Advertisement
Environment

100 rare species will be at risk if the government scraps EU law protecting habitats, charities warn

They include bats, otters and hazel dormice.

More than 100 rare and threatened animals and plants could be at risk if the government scraps a law protecting special habitats, environmental charities have warned.

Environment minister George Eustice told MPs in a select committee on Wednesday that the government is planning to remove the habitats directive, which protects important habitats across the UK.

Eustice said he hoped to amend the EU law in the forthcoming Brexit Freedoms Bill, suggesting the directive generated unnecessary red tape and was fundamentally flawed.

But environmental groups have condemned the minister’s comments, saying scrapping the law would put vital species and ecosystems at risk from development. 

Richard Benwell, CEO at the Wildlife and Countryside Link, said it would “at best” delay nature recovery, and “at worst, leave nature more exposed to damaging developments”.

The habitats directive is the highest form of protection that can be awarded to a nature site, ranking higher than sites of special scientific interest (SSSIs) and other domestic designations. 

Advertisement
Advertisement

The regulations cover millions of hectares of vital natural habitats in England, with more than 100 rare and threatened animals and plants shielded by the protections.

According to Benwell, this includes hazel dormice, harbour porpoise, otters and bats. 

“The rules cover the sites of greatest significance for nature: breeding and resting sites for rare and threatened species, plus precious natural habitats that are at risk,” Benwell said. 

Subscribe to The Big Issue

From just £3 per week

Take a print or digital subscription to The Big Issue and provide a critical lifeline to our work.

Speaking at the committee, Eustice said: “The more we have looked at this body of law, the more clear it has become that it is quite fundamentally flawed. 

“It only engages when an activity is defined as a plan or a project, so if something needs a permit, or a licence or planning permission the habitat regulations engage and start to require an assessment,” he told MPs.

Paul de Zylva, senior sustainability analyst at Friends of the Earth, said the directive and other nature laws protected 1,000 vulnerable plant and animal species as well as habitats.

“Ministers have tried to thwart these important laws in the past, but there’s no evidence to suggest they stunt economic development,” he said. “The real problem is that they are not properly implemented by governments across the EU including our own.

“The UK is already among the world’s most nature-depleted nations. The government has set both national and international targets for nature protection, if it truly intends to meet them then it must uphold existing laws designed to restore our vanishing wild spaces.”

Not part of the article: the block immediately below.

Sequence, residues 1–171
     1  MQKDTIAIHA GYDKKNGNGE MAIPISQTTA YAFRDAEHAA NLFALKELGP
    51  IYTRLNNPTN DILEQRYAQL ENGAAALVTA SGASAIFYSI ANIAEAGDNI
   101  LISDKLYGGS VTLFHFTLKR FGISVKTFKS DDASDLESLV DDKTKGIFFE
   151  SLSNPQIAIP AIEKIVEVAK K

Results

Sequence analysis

The Big Issue Shop

Eco-friendly gift hampers that make a positive impact

The Big Issue has collaborated with Social Stories Club to create limited edition gift hampers. Packed full of treats made by social ventures, this hamper would make the perfect gift for the festive season.

Dr Richard Benwell, CEO of Wildlife & Countryside Link, said: “If the government is serious about halting the decline of biodiversity by 2030 it has no time to lose.  

“The best thing to do would be to protect more of our last remaining pockets of precious wildlife habitat and invest in nature’s recovery. Trying to do away with the habitats regulations would, at best, be a costly delay. At worst, it could leave nature yet more exposed to damaging developments.”

The Department for Environment, Food and Rural Affairs has been contacted for comment.

Advertisement

Bigger Issues need bigger solutions

Big Issue Group is creating new solutions through enterprise to unlock opportunities for the 14.5 million people living in poverty to earn, learn and thrive. Big Issue Group brings together our media and investment initiatives as well as a diverse and pioneering range of new solutions, all of which aim to dismantle poverty by creating opportunity. Learn how you can change lives today.

Recommended for you

Read All
Sewage dumped into sea at coastal resorts as heavy rain follows heatwave
Sewage pollution

Sewage dumped into sea at coastal resorts as heavy rain follows heatwave

Why England's rivers are so polluted - and what you can do about it
River pollution

Why England's rivers are so polluted - and what you can do about it

Wales has stopped building new roads. Will other countries go down the same route?
Wales

Wales has stopped building new roads. Will other countries go down the same route?

Why your next flight might be on an airship
Sustainable Transport

Why your next flight might be on an airship

Most Popular

Read All
Oil giants Shell and BP have been handed £700m of taxpayer cash despite bumper profits
1.

Oil giants Shell and BP have been handed £700m of taxpayer cash despite bumper profits

What are the risks of Don't Pay UK? We asked a leading lawyer
2.

What are the risks of Don't Pay UK? We asked a leading lawyer

How broken is the UK's public transport? I spent all day on buses to find out
3.

How broken is the UK's public transport? I spent all day on buses to find out

Sadiq Khan's Right to Buy-back scheme leads to return of 1,500 council homes
4.

Sadiq Khan's Right to Buy-back scheme leads to return of 1,500 council homes

Keep up to date with the Big Issue. The leading voice on life, politics, culture and social activism direct to your inbox.